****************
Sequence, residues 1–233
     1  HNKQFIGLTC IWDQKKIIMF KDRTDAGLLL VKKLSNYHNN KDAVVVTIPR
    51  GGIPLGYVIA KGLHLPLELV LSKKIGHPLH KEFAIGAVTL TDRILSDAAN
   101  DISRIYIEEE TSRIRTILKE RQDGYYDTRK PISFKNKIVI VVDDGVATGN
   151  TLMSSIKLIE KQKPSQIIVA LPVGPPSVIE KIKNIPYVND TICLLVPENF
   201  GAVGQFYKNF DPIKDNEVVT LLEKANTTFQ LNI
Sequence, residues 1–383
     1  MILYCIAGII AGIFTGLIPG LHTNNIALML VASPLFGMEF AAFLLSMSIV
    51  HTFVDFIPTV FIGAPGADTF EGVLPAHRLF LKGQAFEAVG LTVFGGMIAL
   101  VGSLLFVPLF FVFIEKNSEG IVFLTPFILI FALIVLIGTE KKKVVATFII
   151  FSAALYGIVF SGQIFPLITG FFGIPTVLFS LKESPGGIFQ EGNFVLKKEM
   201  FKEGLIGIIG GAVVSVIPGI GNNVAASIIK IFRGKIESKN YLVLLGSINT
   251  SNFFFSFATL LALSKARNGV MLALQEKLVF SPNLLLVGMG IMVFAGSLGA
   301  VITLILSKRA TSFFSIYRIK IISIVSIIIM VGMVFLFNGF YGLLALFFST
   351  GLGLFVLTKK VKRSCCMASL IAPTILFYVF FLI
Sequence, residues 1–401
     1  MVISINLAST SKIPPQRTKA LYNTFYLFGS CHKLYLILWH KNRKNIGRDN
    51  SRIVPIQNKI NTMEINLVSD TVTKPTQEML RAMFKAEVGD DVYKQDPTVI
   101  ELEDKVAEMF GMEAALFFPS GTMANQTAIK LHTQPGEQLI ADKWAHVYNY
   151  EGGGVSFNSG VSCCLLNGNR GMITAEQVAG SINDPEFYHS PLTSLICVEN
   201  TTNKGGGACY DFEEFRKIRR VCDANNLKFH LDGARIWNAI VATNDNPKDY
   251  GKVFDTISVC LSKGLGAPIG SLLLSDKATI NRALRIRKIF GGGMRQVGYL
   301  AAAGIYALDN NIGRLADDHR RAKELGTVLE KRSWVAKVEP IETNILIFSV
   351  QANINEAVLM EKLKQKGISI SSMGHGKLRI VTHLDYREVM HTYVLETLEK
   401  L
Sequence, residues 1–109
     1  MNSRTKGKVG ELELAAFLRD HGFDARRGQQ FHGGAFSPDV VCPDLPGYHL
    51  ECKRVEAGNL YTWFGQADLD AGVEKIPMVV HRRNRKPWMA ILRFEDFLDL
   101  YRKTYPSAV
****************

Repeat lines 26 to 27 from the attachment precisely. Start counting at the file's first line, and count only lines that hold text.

Sequence, residues 1–109
     1  MNSRTKGKVG ELELAAFLRD HGFDARRGQQ FHGGAFSPDV VCPDLPGYHL